To maintain that pretence, added Chomsky, you have to keep a large Jewish majority, then you can somehow pretend it’s not repressive. “But the policy is [towards] a greater Israel, in which you won’t have any ‘demographic problem’. The main concentrations of Palestinians are excluded in other areas; they are basically being expelled.”
Chomsky on BDS and international solidarity
We also asked Prof. Chomsky about the growing solidarity with Palestinians on the international stage and social media, and the support for the Palestinian struggle from many well-known personalities and celebrities.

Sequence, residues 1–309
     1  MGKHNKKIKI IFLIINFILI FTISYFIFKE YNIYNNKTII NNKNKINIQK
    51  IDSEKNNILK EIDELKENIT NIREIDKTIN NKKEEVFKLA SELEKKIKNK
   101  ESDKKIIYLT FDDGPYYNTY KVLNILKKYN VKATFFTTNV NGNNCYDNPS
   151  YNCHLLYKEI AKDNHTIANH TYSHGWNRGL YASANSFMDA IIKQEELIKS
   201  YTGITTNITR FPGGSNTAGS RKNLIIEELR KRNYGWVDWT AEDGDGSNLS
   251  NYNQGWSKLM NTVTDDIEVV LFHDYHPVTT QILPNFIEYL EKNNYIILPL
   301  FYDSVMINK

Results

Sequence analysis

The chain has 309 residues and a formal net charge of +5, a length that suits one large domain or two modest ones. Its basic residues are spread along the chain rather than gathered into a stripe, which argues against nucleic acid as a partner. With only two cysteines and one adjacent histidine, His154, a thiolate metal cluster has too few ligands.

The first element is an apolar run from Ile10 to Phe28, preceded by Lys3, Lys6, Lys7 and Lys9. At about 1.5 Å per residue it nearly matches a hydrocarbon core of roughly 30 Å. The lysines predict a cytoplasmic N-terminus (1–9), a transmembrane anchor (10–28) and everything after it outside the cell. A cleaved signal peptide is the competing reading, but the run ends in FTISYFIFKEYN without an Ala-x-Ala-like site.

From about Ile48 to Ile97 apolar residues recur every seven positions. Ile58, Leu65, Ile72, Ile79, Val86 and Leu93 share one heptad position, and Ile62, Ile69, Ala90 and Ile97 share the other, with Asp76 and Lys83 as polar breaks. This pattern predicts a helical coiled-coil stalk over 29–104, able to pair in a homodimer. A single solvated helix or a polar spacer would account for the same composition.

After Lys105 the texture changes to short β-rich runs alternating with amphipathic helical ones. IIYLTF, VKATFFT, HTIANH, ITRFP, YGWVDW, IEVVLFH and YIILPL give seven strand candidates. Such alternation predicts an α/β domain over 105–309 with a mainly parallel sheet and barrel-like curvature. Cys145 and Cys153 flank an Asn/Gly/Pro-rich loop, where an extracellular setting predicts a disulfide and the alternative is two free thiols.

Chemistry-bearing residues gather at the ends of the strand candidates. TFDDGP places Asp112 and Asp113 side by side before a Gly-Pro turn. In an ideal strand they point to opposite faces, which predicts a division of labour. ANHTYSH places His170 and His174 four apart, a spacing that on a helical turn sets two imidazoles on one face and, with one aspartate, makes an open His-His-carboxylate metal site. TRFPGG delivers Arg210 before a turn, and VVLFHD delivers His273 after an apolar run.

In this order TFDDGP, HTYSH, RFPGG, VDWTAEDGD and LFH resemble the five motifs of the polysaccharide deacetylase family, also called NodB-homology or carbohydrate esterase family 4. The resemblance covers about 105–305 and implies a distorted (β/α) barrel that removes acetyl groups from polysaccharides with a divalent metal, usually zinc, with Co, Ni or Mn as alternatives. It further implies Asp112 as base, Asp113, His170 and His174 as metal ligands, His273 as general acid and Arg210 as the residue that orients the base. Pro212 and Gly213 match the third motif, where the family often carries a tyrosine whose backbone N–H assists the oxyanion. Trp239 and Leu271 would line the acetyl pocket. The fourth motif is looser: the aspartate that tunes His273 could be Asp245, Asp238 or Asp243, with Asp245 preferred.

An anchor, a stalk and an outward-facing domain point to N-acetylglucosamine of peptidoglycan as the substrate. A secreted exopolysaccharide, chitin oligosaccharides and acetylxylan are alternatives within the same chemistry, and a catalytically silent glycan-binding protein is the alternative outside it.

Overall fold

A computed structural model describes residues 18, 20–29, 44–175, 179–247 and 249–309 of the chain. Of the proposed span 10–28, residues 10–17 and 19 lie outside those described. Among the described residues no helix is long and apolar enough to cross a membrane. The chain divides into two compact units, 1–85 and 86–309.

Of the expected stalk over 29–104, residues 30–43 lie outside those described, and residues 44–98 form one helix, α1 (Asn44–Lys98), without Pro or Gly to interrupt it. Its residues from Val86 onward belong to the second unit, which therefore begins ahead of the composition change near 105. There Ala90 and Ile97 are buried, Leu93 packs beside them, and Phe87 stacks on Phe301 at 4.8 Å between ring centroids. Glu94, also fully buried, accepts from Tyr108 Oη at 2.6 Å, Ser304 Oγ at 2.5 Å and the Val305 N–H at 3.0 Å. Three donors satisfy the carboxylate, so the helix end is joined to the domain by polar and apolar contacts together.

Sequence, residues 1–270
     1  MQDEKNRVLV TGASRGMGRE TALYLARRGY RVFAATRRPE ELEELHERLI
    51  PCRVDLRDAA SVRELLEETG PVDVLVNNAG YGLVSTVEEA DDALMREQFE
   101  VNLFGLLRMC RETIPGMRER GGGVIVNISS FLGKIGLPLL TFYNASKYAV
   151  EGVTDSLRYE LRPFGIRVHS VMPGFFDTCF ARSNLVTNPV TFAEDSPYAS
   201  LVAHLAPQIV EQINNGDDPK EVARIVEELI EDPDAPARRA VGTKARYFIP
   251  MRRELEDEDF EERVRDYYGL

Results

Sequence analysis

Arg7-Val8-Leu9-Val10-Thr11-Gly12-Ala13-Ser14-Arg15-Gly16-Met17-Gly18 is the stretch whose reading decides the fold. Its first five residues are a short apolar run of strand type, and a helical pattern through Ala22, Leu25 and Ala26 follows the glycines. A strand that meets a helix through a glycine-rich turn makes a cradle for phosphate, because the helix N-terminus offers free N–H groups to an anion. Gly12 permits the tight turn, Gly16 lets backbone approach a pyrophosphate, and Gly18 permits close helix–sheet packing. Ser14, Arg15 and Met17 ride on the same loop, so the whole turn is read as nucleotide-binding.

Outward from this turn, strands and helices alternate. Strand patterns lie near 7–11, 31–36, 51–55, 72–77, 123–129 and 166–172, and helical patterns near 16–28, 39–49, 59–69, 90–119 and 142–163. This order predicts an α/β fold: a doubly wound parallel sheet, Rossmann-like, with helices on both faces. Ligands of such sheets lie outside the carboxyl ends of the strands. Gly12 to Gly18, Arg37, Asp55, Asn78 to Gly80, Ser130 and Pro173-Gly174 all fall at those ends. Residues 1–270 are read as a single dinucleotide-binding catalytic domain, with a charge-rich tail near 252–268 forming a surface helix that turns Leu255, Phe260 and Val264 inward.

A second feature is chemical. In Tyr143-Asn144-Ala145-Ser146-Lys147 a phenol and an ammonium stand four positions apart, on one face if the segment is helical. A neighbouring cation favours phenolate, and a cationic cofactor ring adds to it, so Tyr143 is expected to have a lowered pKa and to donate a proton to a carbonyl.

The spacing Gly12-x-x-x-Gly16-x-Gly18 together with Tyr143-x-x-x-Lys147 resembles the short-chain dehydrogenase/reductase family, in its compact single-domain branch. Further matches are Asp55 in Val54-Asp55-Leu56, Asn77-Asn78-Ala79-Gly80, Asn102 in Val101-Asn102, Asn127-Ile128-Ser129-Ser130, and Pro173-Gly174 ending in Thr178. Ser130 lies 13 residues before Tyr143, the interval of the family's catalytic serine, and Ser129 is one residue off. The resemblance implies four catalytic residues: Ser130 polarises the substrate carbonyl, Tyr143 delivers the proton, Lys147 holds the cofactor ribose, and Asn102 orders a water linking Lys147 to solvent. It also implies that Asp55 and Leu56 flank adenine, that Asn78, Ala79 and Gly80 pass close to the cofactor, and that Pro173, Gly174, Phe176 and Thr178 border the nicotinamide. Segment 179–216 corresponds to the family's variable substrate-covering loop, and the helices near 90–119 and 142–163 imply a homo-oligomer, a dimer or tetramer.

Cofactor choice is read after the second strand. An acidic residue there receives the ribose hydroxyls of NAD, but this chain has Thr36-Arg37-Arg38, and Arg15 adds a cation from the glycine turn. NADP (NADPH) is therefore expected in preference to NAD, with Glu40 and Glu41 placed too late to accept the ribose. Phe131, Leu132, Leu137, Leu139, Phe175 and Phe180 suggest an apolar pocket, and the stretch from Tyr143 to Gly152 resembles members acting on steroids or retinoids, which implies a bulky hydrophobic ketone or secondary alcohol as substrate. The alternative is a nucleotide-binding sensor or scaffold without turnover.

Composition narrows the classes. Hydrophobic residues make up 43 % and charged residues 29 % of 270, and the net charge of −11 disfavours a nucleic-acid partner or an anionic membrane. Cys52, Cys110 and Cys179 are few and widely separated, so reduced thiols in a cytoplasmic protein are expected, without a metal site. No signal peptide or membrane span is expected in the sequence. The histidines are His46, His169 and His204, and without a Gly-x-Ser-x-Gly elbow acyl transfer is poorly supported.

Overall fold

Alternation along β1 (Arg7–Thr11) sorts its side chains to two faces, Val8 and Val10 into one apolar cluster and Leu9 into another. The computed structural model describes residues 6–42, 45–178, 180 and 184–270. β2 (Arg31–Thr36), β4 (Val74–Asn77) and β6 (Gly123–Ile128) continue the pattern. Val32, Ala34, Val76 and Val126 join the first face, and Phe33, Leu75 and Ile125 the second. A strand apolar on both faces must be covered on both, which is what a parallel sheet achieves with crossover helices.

“I don’t think mainstream celebrities mean that much. What matters is what is happening among the general population in the United States. In Israel, unfortunately, the population is moving to the right. It is one of the few countries I know, maybe the only one, where younger people are more reactionary than older ones. The United States is going in the opposite direction. Young people are more critical of Israel, more and more supportive of Palestinian rights.”
When discussing the Boycott, Divestment and Sanctions movement (BDS), Chomsky acknowledged the significant role played by the global grassroots movement, although he noted that it “has a mixed record”. The movement should become “more flexible [and] more thoughtful” about the effects of actions. “The groundwork is there,” he concluded. “It is necessary to think carefully about how to carry it forward.”